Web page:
In Economy 3.0, metaversives will create jobs for millions

Job creation is traditionally designed by politicians desperate to get the country back to work and be seen as stimulating the economy. From job-creating programs during the Great Depression to President Barack Obama’s American Jobs Act, employment plans have a long and volatile history. Today, promoting meaningful employment for the masses is still as popular as ever with policy makers, however, the next great job creation blueprint is unlikely to be issued as a top-down order.

Instead, it will emerge from a world in which most politicians have little dominance and few powers to control: the Metaverse. This virtual world that runs parallel to our physical world is not constrained by national borders, nor is it the fiefdom of the social media companies that ironically take their name.

The Metaverse consists of an interconnected series of virtual worlds where humanity can recreate, interact and interact. As an embodiment, its users are free to move between games, meeting places and markets, re-enacting many tasks that were previously restricted to the flesh space.

The greatest promise that the Metaverse holds, though, isn’t the ability for humans to wear horrifying skins and wave around as one in virtual concert halls. Instead, those same people will get meaningful jobs in the realms, worlds, and spaces across the Metaverse that will make up the beating heart of Web3.

Related: Demystifying Business Necessities in Metaverse

Make the bank in the Metaverse

Given the amorphous nature of the Metaverse, it can be hard to imagine what a virtual world in which millions would go in and out to get their shell might be like. As it happens, though, there is already work being done in nascent metavers around the (virtual) world.

In the “GameFi” sector, virtual pets roam free, petted, petted and trained by their human owners. But it’s not just about entertainment: using their own metaverse, players can collect tokens and other in-game assets that you mine and trade for real money.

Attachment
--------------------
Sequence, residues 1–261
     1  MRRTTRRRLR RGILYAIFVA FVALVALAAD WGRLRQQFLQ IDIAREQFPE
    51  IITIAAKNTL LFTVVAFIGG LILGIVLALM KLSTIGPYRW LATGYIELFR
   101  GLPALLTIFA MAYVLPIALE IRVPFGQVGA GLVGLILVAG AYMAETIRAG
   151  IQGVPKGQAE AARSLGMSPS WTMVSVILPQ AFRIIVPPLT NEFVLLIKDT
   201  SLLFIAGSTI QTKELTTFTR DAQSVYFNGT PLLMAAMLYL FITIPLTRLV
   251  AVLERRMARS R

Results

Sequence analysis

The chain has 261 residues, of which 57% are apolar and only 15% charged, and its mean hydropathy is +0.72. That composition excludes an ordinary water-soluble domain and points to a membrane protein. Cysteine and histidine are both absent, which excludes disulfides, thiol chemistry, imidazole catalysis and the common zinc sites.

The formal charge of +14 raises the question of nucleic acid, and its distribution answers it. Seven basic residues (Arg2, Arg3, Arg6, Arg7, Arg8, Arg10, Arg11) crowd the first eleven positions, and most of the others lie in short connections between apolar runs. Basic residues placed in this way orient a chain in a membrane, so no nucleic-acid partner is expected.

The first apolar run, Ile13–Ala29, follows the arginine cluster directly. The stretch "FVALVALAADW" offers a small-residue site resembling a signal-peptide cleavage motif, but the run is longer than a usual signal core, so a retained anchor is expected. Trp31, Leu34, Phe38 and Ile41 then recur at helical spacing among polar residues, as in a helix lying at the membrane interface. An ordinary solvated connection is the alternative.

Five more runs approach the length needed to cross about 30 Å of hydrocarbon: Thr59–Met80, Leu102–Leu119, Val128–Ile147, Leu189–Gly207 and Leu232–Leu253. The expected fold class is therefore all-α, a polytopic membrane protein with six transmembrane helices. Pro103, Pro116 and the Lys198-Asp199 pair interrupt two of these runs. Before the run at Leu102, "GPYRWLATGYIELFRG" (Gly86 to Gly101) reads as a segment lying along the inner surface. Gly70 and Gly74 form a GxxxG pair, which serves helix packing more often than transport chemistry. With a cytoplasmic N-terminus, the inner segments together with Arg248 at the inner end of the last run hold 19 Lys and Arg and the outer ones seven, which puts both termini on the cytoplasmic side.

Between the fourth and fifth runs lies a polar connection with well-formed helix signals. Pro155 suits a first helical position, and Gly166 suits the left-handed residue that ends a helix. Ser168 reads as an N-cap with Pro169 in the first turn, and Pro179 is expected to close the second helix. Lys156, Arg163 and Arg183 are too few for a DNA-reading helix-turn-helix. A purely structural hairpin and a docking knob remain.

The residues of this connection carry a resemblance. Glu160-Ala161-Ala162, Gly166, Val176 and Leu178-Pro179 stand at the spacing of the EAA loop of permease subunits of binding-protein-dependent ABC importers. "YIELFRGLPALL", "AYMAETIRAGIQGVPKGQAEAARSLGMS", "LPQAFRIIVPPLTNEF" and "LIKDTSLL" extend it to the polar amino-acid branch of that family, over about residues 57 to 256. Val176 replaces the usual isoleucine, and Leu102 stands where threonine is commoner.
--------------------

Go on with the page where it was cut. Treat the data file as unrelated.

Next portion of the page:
Related: Cryptographic games and monkey running: How should we build the future of GameFi

Workers from developing countries like the Philippines earn about $30 a day performing these tasks on behalf of the owners, using creatures to collect tokens. Owners, in turn, earn money from lending their virtual pets – without having to worry about the toil of collecting tokens all day long.

It is a simple economy in which all participants benefit in proportion to their financial interests and expectations. How might this earning model work with Metaverse participants at the top of the chain?

Well, for celebrities and creators, niche platforms make it possible to enjoy virtual experiences in the Metaverse. Fans can pay to interact with their favorite creators in a virtual world, whether they’re playing golf with a YouTube influencer or learning new skills through a one-on-one encounter with a thought leader. It’s another example of the huge potential that the Metaverse holds.

Meta work for the masses

Not all Metaverse-centric work will take place within it. Many will involve connecting the nuts and bolts that keep them spinning – programmers, designers, testers, and developers. For the millions currently working in offices and shop floors around the world, the rise of the Metaverse will see their work transition into a virtual world not much different from the one they are accustomed to.